Psystar’s ideological crusade against Apple is fast turning into a boondoggle for the Mac clone maker. On Tuesday, a federal judge dismissed Psystar’s antitrust lawsuit against Apple and with it, one of the company’s last remaining chances to stay in business peddling PCs with Apple’s Mac OS X Leopard preinstalled, an apparent violation of Apple’s software license agreement.
Sued by Apple in August for violating the terms of its shrink-wrap license, trademark and copyright on OS X, Psystar replied in kind with a countersuit charging Cupertino with restraint of trade, unfair competition, and other violations of antitrust law. Apple, Psystar argued, engages in all manner of anticompetitive conduct to “protect its valuable monopoly in the Mac OS market.”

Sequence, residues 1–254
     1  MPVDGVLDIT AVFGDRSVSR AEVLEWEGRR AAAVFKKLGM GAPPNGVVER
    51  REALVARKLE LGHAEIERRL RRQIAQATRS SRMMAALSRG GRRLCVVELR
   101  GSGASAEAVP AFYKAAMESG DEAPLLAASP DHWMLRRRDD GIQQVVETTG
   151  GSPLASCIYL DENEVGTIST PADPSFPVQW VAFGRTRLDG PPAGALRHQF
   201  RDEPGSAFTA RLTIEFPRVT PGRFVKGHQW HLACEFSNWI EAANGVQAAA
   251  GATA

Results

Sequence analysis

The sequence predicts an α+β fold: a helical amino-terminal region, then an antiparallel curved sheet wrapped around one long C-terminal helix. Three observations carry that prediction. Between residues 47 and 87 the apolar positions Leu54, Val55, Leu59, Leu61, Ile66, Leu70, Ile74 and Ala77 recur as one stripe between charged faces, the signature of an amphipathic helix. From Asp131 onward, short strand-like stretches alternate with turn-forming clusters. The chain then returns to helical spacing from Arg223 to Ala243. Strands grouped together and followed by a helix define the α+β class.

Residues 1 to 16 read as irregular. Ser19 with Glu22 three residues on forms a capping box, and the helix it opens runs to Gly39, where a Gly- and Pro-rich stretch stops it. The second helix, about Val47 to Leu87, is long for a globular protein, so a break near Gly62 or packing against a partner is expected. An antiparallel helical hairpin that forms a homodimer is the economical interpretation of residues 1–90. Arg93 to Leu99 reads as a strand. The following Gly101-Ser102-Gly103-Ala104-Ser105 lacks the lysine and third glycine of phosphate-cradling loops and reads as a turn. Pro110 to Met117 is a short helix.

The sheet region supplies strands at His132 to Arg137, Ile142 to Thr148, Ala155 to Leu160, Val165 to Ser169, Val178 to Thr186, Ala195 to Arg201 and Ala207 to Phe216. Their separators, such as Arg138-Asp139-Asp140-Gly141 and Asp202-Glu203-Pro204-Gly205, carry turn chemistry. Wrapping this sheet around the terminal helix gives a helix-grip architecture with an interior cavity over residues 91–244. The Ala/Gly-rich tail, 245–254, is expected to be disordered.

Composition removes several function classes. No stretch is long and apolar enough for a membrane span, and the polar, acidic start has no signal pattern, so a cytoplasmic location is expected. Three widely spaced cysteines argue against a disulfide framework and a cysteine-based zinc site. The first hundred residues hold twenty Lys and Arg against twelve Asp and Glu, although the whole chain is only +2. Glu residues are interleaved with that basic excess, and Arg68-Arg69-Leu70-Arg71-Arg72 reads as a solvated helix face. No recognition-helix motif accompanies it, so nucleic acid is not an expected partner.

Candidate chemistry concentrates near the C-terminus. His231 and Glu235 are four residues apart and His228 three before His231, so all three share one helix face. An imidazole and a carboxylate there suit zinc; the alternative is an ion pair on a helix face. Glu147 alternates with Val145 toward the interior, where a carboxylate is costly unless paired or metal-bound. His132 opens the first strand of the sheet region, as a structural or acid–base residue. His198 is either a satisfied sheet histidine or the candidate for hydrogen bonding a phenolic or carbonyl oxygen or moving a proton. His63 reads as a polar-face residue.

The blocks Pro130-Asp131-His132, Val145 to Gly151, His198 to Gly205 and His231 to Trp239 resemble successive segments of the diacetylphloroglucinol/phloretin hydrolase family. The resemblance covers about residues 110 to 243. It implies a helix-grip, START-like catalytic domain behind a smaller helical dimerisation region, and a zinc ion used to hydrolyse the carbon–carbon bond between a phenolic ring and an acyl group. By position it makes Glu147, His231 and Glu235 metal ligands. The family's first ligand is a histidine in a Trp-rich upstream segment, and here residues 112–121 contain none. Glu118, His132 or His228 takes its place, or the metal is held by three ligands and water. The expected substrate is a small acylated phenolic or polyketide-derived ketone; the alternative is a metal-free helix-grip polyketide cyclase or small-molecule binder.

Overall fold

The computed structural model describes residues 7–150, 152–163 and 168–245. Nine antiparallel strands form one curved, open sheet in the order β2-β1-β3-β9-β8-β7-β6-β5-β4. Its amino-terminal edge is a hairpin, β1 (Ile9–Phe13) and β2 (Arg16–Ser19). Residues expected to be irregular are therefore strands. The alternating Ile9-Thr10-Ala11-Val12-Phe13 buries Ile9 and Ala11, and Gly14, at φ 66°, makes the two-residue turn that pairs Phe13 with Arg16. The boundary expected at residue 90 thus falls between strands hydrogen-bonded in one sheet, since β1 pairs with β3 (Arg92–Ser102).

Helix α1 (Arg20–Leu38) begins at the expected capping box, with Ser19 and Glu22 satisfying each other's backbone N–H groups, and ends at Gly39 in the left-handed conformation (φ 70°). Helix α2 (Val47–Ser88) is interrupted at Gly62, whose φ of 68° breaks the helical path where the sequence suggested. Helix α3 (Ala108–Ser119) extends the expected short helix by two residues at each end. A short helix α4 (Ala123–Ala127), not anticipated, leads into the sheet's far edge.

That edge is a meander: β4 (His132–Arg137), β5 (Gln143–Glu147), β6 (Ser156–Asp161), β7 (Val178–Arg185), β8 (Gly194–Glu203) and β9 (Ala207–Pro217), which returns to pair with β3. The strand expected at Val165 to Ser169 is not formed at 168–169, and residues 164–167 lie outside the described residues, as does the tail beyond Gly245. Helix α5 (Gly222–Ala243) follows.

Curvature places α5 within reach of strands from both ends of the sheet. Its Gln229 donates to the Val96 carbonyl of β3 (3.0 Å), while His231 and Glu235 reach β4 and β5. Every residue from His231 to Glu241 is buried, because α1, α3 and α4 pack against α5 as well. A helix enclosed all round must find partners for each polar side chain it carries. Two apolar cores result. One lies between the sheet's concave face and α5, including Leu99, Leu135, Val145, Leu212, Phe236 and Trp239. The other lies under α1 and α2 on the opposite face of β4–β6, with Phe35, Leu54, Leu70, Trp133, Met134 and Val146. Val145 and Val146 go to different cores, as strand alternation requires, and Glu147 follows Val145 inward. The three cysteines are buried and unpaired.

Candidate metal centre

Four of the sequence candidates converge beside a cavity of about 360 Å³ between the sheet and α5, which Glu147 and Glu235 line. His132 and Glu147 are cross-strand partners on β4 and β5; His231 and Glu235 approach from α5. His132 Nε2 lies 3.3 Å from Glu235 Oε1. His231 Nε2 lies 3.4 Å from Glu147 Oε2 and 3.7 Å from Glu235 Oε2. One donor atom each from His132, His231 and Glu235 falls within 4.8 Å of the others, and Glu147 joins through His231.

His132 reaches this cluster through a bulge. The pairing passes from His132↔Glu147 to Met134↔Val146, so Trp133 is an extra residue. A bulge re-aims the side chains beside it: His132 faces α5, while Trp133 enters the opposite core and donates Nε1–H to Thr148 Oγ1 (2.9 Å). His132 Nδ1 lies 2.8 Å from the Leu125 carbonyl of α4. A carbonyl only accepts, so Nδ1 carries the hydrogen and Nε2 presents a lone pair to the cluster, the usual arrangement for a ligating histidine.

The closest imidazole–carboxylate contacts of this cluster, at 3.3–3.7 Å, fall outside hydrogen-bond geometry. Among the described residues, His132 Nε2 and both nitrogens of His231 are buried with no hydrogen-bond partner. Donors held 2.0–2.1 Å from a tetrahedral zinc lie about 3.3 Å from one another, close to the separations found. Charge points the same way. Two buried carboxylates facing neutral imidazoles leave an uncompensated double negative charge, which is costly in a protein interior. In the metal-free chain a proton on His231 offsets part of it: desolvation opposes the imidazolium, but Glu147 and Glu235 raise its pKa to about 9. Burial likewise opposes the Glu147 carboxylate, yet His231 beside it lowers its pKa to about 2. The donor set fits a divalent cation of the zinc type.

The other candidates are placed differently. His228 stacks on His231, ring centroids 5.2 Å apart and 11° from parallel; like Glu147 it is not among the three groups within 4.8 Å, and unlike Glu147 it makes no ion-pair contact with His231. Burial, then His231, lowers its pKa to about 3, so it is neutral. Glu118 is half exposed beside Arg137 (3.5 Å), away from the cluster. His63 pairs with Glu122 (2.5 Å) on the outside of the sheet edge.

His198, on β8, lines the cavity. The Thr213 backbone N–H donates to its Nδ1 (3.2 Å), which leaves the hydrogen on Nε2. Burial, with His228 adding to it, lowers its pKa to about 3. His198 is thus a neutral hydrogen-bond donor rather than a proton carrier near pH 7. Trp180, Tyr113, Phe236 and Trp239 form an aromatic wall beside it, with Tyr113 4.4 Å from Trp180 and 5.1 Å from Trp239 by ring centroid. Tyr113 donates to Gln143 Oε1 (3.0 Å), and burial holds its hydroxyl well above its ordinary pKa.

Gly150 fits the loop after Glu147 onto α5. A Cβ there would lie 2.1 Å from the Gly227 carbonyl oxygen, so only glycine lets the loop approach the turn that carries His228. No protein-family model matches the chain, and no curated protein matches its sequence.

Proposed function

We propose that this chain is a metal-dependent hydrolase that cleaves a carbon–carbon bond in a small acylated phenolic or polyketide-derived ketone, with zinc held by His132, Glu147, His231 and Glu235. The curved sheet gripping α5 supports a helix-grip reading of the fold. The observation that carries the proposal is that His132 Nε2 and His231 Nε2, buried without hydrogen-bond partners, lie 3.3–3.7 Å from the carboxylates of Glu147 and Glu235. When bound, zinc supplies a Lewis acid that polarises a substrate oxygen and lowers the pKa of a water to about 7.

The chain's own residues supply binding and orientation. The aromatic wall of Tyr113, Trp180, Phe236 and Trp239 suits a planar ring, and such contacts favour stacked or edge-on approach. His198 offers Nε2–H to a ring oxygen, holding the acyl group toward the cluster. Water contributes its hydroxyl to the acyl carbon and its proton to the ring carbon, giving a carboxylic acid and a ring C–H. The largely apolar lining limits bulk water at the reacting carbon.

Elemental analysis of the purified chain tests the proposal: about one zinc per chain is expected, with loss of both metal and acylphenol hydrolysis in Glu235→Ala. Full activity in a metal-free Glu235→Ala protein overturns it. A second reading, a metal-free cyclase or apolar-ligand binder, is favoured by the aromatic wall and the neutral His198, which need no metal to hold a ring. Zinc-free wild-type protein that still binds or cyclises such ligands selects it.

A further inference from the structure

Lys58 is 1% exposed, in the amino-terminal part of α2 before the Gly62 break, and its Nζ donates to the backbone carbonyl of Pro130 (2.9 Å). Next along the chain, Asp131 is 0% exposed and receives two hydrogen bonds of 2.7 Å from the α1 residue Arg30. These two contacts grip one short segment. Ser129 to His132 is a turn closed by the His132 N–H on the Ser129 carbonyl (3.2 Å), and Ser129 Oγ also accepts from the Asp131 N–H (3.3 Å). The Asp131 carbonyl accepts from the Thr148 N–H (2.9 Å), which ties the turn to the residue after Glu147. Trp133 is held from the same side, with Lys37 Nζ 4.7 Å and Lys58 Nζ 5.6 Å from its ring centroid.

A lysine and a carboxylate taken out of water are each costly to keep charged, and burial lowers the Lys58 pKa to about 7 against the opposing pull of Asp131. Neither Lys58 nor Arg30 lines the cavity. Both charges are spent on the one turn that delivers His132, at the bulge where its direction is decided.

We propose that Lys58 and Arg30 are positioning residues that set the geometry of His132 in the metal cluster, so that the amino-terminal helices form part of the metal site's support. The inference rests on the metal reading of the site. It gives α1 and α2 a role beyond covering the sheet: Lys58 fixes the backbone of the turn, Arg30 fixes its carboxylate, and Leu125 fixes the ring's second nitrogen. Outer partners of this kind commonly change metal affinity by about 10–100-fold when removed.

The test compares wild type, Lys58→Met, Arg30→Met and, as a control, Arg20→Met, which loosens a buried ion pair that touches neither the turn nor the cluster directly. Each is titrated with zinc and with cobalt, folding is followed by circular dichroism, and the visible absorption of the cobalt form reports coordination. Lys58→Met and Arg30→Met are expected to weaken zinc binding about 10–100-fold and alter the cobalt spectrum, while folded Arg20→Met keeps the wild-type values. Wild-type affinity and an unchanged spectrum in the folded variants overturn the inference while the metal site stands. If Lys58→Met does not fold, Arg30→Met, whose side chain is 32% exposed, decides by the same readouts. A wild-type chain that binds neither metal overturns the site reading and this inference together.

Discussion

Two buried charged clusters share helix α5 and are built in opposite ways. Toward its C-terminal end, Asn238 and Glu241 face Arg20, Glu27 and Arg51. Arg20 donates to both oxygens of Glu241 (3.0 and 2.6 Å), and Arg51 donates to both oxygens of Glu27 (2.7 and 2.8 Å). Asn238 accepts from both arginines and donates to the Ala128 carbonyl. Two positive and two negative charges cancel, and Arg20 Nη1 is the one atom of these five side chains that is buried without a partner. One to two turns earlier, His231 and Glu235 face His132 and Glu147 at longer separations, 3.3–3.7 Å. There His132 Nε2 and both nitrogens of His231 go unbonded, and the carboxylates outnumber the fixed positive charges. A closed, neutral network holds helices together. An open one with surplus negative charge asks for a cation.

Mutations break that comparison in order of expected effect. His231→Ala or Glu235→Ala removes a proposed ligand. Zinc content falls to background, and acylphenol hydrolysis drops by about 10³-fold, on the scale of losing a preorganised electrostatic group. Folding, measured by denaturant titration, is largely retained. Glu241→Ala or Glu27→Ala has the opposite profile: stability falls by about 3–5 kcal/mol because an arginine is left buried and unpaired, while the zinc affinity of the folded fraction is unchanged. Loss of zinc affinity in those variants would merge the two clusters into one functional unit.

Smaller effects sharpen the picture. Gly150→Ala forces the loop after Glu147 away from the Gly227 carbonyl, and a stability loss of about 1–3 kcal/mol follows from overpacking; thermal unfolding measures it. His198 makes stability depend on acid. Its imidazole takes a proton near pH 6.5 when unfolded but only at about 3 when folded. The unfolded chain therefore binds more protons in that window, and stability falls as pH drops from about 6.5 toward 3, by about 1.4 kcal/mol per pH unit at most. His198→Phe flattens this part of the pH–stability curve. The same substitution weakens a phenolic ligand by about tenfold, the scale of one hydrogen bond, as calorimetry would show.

But according to the California judge presiding over the case, Apple’s products don’t constitute a market to dominate. And that being the case, Apple (AAPL) can’t be considered a monopolist.
“The counterclaim explains that Mac OS performs the same functions as other operating systems,” Judge William Alsup wrote in his order dismissing the suit. “The counterclaim admits that market studies indicate that, although Apple computers with Mac OS enjoy strong brand recognition and loyalty, they are not wholly lacking in competition. Psystar also points to Apple’s extensive advertising campaigns. Those advertising campaigns more plausibly support an inference contrary to that asserted in the counterclaim–vigorous advertising is a sign of competition, not a lack thereof. If Mac OS simply had no reasonable substitute, Apple’s vigorous advertising would be wasted money. The advertising campaigns suggest a need to enhance brand recognition and lure consumers from a competitor…. Apple asks its customers to purchase Mac OS knowing that it is to be used only with Apple computers. It is certainly entitled to do so.”